The Sheepeater Indians, a band of the Shoshone tribe, were the original inhabitants of the Land of the Yankee Fork. They produced fine skin products, praised both by other Indians and by white fur traders. Other Indians referred to them as "hunters of big game," from which they received the English appellation of "Sheepeater.” Groups of the Shoshone and Bannock tribes would seasonally hunt buffalo, elk, deer, and rabbits, fish for salmon, and gather seeds and pine nuts in this region of Idaho. Unfortunately, the Sheepeaters were often unjustly blamed for violence in the region, particularly for the Loon Creek Massacre at Oro Grande in 1879, in which Chinese miners were murdered. Using this incident as justification, in the summer of 1879 a military campaign was launched to move the Sheepeaters and their relatives in other Shoshone and Bannock communities to the Fort Hall Indian reservation. Such forced removal disrupted the traditional livelihoods of the Shoshone-Bannock peoples and their ties to this land.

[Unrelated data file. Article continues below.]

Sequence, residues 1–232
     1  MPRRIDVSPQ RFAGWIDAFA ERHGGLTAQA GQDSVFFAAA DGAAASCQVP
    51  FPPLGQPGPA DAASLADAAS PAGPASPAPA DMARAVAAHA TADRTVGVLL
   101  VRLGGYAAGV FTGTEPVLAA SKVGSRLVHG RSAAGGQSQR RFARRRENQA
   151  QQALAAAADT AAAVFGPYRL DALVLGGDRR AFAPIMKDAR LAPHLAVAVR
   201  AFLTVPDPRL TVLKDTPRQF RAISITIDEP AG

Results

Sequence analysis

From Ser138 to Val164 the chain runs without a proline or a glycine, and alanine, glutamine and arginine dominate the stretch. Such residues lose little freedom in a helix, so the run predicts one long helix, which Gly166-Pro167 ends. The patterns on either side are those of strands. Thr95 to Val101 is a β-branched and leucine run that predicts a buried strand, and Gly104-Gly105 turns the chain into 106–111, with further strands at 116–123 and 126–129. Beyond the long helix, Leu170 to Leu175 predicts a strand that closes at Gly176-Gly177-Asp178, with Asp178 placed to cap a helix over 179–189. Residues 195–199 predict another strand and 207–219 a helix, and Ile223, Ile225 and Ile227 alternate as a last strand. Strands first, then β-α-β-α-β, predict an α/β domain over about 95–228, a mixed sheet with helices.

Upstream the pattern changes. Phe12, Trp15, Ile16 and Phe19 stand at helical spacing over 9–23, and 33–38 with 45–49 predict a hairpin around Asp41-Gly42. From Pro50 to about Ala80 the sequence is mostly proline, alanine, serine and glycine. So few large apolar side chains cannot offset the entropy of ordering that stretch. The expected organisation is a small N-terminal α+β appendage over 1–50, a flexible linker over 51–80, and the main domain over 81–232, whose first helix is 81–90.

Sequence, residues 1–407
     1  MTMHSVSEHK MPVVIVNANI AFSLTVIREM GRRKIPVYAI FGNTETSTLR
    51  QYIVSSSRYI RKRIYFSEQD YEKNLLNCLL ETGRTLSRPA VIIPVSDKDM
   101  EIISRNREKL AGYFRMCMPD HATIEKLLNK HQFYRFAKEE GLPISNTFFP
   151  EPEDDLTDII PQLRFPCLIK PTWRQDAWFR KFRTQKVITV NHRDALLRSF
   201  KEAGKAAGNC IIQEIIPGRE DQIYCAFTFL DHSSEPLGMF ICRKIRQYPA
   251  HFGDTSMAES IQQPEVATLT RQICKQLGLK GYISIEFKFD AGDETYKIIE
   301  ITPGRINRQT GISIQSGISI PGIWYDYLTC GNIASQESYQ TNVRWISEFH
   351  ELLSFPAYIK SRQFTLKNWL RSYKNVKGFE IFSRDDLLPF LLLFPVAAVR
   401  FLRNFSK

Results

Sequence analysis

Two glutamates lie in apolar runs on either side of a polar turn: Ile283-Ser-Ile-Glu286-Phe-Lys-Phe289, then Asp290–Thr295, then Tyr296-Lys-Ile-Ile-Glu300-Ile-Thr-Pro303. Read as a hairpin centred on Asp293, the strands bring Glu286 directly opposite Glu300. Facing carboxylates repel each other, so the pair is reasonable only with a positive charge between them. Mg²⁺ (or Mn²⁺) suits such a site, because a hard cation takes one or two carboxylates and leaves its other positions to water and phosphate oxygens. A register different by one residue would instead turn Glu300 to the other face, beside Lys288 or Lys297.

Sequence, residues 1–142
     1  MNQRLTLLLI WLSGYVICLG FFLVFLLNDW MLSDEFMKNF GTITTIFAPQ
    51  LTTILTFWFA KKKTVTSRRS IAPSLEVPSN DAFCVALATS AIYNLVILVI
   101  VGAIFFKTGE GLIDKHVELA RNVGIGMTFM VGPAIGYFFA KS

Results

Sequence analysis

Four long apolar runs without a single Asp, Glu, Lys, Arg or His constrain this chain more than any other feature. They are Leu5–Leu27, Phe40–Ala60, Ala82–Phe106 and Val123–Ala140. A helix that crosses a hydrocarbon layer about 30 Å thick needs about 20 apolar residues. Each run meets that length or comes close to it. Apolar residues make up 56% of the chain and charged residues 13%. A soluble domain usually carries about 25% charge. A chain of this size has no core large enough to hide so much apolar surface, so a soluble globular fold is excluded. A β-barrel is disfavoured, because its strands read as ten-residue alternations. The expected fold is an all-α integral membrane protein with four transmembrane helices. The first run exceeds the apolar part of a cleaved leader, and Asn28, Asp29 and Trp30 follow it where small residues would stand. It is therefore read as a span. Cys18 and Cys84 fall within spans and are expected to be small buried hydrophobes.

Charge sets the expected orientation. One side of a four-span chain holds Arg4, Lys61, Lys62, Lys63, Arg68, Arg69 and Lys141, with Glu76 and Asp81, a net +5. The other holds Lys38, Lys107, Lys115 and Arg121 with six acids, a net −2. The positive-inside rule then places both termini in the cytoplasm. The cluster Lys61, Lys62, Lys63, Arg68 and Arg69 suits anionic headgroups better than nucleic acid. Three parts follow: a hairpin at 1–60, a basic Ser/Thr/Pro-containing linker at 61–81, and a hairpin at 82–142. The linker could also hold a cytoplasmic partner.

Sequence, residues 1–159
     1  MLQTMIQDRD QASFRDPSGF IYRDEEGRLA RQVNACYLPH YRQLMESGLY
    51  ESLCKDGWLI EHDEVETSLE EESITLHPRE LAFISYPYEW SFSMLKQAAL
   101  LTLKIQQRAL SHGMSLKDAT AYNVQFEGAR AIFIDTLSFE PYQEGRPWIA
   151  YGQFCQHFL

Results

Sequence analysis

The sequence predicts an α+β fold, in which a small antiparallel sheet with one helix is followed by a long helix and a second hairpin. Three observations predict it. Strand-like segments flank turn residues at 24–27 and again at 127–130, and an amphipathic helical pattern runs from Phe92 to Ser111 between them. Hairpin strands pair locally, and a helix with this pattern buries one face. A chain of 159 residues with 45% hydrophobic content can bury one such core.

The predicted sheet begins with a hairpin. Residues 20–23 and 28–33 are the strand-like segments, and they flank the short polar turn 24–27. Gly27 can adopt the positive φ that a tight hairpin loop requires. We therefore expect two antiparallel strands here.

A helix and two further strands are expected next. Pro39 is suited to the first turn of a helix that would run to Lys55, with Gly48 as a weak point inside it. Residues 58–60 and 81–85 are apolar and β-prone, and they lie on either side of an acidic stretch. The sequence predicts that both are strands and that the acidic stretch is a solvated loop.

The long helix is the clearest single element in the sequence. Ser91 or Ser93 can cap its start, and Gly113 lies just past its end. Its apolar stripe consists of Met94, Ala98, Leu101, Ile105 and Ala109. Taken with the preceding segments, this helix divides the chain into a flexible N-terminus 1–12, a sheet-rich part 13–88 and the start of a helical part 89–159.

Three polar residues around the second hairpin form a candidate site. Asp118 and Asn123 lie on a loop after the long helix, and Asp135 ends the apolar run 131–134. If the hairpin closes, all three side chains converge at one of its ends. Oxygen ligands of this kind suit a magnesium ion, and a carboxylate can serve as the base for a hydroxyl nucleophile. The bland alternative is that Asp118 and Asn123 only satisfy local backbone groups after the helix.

During the early summer months, Chinook salmon return from the ocean to spawn in the Yankee Fork. Under treaty rights, members of the Shoshone-Bannock tribes fish for salmon in much the same manner as their ancestors did hundreds of years ago. Although only tribal members can fish for salmon, fishing for rainbow trout, cutthroat trout, and whitefish is allowed by anyone with a valid fishing license during the fishing season.
Today, Salmon-Challis National Forest has partnered with other entities such as Bonneville Power Administration, JR Simplot Company, Trout Unlimited, the Shoshone-Bannock tribes, and the U.S. Bureau of Reclamation to restore fish habitat for Chinook salmon, steelhead, cutthroat, and bull trout in the Yankee Fork River. These restoration projects allow for ecological revitalization following the impacts of mining, dredging, and logging in the area, while also reconnecting tribal youth with the land and resources.